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Thursday, September 15, 2005

Ghosts in the bathroom

From The Scotsman:

In the mid-1830s a new estate of houses was built in Glasgow. Blythswood Square was tall and grand and represented a lifestyle people aspired to. Captain W Smythe's wife was particularly anxious to move to this area and delighted when her husband looked over a house with a view to taking out a lease on the property. Smythe was impressed. The rooms were airy and lovely; the only drawback was the bathroom, which spooked him. Blythswood Square as it is today. Who can say if the occupants have been here a few years or hundreds of years. His wife's enthusiasm for the house overrode his ridiculous sense of unease and the family prepared to move. Smythe's only condition was that the bathroom be refitted and repainted. Once this was completed, surely, he thought, all lurking sense of doom would be dispelled. He was wrong. Despite a fresh coat of paint he found the bathroom just as eerily edgy as it had been before. As the family settled into their new home everyone but Smythe took a bath. Unable to resist forever, he was eventually chivvied into the bathroom, insisting to his wife's great amusement on keeping the door open. However, the ignominiousness of his beloved's mockery became too great even for him to bear and he tentatively shut the door, lit some candles and began to undress. With one last check of the cupboards he sprinted over to the bath, almost ready to laugh at his foolishness. Just then, he heard a noise in the grate, and spinning round too quickly, slipped. He lay on the floor winded as a cold draught lightly tickled his bare skin. Suddenly the candles blew out. Horribly scared he lay petrified, his attention now directed to the bathtub where brisk splashing indicated that someone was in his bath scrubbing themselves clean. To his increasing terror Smythe realised that the cupboard door was opening. Something was coming towards him. He scrabbled away, his voice choked, unable to shout. The thing, whatever it was, reached him. He felt the soft whisper of petticoats trail across his back and heard the jangle of jewellery. The woman stepped across Smythe's inert body placing one foot on his chest, the other on his cheek. Captain Smythe was terrified as the ghostly woman approached the bath.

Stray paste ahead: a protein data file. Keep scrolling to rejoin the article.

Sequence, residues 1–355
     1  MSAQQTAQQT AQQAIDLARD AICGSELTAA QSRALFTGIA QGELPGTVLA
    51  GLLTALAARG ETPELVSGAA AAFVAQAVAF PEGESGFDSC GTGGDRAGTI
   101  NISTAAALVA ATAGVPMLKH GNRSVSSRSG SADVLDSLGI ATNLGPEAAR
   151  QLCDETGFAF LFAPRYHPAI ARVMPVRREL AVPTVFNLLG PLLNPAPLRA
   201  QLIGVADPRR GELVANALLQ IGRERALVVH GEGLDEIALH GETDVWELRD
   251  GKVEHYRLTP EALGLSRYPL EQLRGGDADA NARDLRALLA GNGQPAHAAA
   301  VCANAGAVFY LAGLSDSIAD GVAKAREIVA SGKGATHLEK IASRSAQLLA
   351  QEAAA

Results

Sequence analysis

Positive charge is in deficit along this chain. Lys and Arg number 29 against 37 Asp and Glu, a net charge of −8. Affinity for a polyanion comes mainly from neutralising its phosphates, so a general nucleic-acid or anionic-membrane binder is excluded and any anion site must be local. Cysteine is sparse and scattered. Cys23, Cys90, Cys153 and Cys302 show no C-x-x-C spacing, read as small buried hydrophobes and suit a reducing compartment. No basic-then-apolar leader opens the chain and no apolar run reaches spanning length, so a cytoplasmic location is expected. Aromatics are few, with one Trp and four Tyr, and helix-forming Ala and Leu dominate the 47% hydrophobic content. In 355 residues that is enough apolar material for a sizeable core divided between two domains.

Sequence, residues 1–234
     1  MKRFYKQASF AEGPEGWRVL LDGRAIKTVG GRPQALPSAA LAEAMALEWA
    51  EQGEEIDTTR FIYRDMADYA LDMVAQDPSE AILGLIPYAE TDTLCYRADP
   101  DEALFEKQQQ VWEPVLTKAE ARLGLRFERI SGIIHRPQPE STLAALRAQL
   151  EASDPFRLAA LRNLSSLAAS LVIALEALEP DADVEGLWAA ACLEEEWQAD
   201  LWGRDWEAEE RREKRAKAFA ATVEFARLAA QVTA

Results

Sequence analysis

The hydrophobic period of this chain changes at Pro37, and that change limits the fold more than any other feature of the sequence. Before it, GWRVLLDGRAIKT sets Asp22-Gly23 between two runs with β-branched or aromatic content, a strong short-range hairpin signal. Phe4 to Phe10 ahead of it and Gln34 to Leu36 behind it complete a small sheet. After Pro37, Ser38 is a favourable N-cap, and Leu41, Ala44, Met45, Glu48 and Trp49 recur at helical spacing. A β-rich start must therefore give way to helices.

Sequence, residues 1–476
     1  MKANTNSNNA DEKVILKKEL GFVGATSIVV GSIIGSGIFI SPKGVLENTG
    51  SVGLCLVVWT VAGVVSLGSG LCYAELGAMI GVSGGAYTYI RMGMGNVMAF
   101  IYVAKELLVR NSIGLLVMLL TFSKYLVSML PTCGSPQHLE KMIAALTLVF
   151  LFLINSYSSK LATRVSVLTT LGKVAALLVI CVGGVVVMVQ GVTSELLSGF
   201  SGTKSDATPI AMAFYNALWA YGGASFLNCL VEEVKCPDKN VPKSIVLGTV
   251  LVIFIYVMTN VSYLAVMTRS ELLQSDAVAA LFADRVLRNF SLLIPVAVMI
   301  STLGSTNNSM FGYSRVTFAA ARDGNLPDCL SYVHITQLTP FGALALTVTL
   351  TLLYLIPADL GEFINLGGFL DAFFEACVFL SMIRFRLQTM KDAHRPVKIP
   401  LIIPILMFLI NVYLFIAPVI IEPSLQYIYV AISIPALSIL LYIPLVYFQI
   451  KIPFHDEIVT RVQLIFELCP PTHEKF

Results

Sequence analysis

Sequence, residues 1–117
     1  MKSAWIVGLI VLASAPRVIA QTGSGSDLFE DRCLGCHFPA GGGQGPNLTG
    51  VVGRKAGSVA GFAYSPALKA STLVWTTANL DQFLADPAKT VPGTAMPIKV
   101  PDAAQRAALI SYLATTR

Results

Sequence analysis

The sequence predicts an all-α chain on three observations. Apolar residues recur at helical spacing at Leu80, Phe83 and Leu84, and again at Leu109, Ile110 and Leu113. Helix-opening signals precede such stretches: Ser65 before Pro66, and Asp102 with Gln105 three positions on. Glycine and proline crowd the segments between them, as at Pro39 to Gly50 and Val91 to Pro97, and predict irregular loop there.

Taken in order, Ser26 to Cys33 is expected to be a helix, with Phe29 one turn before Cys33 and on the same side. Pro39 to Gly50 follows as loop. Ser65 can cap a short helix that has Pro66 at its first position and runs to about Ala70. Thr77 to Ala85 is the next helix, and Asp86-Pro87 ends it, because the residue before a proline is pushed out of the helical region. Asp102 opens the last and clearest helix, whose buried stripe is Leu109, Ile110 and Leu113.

Spooky article. More details on the bathroom hauntings and the possible cause. Is The Scotsman the greatest newspaper? You won't get a contrary argument from me.

2 Comments:

Blogger cookie jill said...

Why do Ghosts just love Scotland, though?

They have more of their share of good haunted places....

9/15/2005 10:52:00 PM  
Blogger Carnacki said...

I don't know. It never came up at my paranormal investigator training.

9/16/2005 12:23:00 AM  

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